HARTFORD, CT — It’s unlikely the state of Connecticut will take steps necessary to allow sports betting to begin this year.
Outgoing Democratic Gov. Dannel P. Malloy said Wednesday that he was close of reaching a deal with the two federally recognized tribes, who have exclusivity over gaming in Connecticut. However, Republican lawmakers who would be asked to ratify any agreement are unwilling to let that happen.
“Three weeks ago we were within days of reaching an agreement so … I don’t think circumstances have changed dramatically, except that the Republicans in the legislature have indicated they don’t have a desire to come into session,” Malloy said.
Deputy Republican House Leader Vincent Candelora, R-North Branford, said Wednesday that he thinks both parties are hesitant to come back for a special session on an issue as broad as sports betting and online gaming.
“The issue is significant and should be vetted through a public hearing process in January,” Candelora said.
He said if Connecticut didn’t have to negotiate with its tribal partners then it would have been much easier to move forward with the issue.
“We’re talking about a compact that claims exclusivity to sports betting that needs to be renegotiated,” Candelora said.
If the governor was able to reach a deal with the tribes then the legislature would need to approve it and then the Bureau of Indian Affairs would have up to 90 days to make a decision on an amendment to the agreements the tribes have with the state.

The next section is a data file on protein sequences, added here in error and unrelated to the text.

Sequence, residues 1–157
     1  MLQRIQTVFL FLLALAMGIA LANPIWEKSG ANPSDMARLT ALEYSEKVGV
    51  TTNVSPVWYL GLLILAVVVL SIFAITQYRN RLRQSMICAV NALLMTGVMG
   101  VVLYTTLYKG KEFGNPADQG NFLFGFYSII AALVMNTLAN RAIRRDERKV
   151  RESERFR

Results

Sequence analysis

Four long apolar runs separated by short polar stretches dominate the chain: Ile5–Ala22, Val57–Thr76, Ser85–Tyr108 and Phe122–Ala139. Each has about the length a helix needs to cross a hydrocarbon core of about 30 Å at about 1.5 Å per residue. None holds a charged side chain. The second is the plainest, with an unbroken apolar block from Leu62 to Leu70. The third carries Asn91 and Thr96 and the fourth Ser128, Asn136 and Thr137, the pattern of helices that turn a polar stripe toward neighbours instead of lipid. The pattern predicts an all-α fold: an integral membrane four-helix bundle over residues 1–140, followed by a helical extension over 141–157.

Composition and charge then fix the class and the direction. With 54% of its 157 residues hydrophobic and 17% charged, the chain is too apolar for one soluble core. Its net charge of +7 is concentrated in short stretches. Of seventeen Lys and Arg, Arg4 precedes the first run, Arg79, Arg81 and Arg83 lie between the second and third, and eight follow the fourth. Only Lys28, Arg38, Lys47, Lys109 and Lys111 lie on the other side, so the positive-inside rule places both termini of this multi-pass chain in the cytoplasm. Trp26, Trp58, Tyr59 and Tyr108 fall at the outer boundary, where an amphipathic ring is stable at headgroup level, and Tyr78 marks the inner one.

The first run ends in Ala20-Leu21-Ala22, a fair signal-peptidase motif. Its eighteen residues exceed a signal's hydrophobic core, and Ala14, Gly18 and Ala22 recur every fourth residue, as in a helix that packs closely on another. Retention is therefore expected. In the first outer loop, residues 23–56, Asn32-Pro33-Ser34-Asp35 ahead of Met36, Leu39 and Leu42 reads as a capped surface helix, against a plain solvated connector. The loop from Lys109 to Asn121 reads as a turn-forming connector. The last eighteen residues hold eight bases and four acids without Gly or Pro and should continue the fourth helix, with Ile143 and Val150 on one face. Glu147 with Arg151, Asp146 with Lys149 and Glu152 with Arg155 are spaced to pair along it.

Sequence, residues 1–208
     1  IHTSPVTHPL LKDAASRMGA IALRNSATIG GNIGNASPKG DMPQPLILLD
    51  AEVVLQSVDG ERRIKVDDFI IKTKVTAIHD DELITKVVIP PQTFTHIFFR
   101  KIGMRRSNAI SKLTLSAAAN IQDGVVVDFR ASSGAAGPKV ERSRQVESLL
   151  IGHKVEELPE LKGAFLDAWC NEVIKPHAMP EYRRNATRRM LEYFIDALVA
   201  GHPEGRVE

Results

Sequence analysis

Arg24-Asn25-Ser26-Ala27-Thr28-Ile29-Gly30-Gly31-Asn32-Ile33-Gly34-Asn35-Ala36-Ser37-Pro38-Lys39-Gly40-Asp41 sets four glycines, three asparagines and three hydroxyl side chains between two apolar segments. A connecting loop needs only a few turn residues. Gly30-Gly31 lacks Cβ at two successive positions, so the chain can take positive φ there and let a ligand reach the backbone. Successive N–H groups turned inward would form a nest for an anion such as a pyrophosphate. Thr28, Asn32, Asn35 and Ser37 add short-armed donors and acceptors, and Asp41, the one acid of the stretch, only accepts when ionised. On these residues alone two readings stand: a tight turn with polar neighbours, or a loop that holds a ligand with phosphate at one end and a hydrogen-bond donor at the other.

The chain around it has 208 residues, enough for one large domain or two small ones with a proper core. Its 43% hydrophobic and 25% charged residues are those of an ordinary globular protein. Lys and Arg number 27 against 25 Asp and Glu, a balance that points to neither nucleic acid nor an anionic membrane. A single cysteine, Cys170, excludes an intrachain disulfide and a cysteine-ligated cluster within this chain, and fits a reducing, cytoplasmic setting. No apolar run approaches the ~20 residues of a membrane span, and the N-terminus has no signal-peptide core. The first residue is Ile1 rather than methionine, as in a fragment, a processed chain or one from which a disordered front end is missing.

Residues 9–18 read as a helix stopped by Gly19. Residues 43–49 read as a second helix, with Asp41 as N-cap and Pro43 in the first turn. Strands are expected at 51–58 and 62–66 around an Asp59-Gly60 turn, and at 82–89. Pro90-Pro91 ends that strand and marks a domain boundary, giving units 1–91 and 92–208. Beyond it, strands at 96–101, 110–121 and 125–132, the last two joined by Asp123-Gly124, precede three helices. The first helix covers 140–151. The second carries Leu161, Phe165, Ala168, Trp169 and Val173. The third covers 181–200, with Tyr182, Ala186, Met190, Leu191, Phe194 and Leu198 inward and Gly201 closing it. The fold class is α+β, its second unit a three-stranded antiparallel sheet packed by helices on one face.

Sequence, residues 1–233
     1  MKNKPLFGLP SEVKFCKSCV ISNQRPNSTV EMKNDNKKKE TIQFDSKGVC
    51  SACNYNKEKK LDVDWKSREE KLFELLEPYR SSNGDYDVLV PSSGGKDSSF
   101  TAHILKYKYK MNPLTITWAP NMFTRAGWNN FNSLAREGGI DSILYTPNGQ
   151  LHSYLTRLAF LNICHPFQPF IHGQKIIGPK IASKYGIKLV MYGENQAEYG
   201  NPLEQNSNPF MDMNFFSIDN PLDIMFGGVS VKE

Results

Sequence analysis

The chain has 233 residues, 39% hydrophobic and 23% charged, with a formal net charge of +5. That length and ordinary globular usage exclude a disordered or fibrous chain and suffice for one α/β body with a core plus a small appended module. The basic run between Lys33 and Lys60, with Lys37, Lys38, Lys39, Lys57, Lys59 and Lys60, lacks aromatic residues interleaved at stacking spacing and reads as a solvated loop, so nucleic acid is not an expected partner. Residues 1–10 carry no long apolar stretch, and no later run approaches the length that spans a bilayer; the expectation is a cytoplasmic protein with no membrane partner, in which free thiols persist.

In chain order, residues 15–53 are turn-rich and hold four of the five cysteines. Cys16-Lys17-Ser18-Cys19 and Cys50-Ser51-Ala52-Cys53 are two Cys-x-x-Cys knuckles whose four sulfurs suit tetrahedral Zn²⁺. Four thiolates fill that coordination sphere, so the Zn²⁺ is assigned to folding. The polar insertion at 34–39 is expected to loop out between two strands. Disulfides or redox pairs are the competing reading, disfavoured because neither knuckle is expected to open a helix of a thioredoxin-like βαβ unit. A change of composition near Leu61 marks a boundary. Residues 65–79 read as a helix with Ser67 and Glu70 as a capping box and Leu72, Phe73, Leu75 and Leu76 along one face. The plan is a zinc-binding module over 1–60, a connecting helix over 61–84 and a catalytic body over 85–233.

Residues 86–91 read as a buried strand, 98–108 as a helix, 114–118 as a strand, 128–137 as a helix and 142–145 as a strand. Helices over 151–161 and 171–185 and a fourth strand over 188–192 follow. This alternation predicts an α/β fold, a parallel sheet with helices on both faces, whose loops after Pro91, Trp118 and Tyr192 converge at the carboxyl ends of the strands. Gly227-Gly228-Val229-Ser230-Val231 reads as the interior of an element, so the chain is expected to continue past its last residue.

Senate President Martin Looney, D-New Haven, said he would have liked the legislature to address the issue sooner rather than later because it’s leaving revenue on the table.
“It’s a process that’s going to take time anyway,” Looney said.
He said if they don’t begin this process until January they’re not going to see any revenue from sports betting in fiscal year 2019.
But with a divided state Senate it’s unlikely anything will happen if Republicans are unwilling to allow it to go forward.
Candelora said when Connecticut decided to allow the game of Keno off tribal land, the tribes got 25 percent of the revenue from the game “for doing absolutely nothing.” Candelora said he didn’t believe that was the best deal the governor could have gotten.
“He [Malloy] doesn’t have a good track record of negotiating deals with the tribes,” Candelora said.
The tribes were given exclusivity over gaming in Connecticut 25 years ago in exchange for 25 percent of slot revenue. Any amendment to those agreements would need to be approved by the Bureau of Indian Affairs.
However, there were questions raised by Attorney General George Jepsen in April about whether sports betting was even contemplated in those agreements and whether the state needs tribal approval to move forward.
In a formal opinion, Jepsen said legalizing sports betting would not affect the existing gaming arrangements with the tribes.
“Sports betting is not listed as an authorized game,” Jepsen said. “By contrast, for example, pari-mutuel betting on horse and dog racing and jai alai games are authorized games. The exclusion of sports betting from the specific list of authorized games is compelling evidence that the Compacts do not presently authorize it.”